Sir Barnett Janner criticized in the House of Commons today the British Government’s decision against adhering to the International Genocide Convention which would outlaw mass murder like that committed by the Nazis against European Jewry during World War II.
He said that recent events in which people preached Nazism and praised “the arch-priest of Genocide, Hitler,” made it more imperative than ever that Britain should accede to the convention.
“We are looked upon by the rest of the world as leaders of moral and political principles,” he asserted, “What are the 65 nations who have accepted this pact, including members of our own Commonwealth, going to think? How can we expect them to regard us with other than disrespect?”
Replying for the Government, Peter Thomas, Parliamentary Undersecretary of State for Foreign Affairs, quoted from the statement in Commons last week by Lord Privy Seal Edward Heath, who made the announcement that Britain had decided not to adhere to the Convention. He repeated Heath’s argument that one effect of Britain’s approving the convention would be that the country would have to forego its traditional right to give political asylum to refugees in cases involving purely political offenses.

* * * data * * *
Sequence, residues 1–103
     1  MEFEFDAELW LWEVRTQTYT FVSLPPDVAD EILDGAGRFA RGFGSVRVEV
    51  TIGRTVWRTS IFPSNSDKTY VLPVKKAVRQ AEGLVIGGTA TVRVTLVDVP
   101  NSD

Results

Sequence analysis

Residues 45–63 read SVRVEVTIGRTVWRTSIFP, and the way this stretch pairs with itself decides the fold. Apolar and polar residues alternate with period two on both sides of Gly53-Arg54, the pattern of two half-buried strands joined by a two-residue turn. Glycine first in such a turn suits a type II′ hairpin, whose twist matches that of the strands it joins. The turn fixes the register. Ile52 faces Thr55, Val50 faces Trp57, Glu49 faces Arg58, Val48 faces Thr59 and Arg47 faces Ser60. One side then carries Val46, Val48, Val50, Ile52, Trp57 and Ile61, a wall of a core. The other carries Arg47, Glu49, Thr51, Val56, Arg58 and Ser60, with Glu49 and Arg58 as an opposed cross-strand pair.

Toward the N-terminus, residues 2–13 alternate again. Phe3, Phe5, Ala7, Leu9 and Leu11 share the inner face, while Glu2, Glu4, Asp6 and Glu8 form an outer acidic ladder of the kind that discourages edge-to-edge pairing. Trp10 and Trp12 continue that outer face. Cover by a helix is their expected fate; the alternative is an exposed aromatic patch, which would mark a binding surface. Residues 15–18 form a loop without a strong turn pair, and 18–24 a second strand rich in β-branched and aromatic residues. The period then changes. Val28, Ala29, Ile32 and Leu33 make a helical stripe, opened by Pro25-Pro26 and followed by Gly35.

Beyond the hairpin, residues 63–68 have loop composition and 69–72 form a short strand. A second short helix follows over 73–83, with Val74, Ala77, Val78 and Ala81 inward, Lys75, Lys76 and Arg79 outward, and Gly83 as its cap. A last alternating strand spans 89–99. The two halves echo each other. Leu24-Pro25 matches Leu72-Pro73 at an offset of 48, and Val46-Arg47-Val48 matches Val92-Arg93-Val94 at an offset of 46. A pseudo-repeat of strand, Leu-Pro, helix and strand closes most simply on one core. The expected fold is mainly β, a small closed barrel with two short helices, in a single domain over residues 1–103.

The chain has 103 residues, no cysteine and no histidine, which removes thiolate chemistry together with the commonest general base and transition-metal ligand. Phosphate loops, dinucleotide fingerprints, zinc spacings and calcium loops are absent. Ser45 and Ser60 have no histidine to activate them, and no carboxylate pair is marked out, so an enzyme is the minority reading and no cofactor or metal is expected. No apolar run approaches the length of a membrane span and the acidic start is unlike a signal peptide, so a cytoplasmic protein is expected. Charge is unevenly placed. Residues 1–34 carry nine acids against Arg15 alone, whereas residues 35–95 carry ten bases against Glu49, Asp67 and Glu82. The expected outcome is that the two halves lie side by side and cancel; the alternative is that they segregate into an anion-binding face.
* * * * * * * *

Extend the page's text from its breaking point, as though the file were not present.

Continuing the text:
The Archive of the Jewish Telegraphic Agency includes articles published from 1923 to 2008. Archive stories reflect the journalistic standards and practices of the time they were published.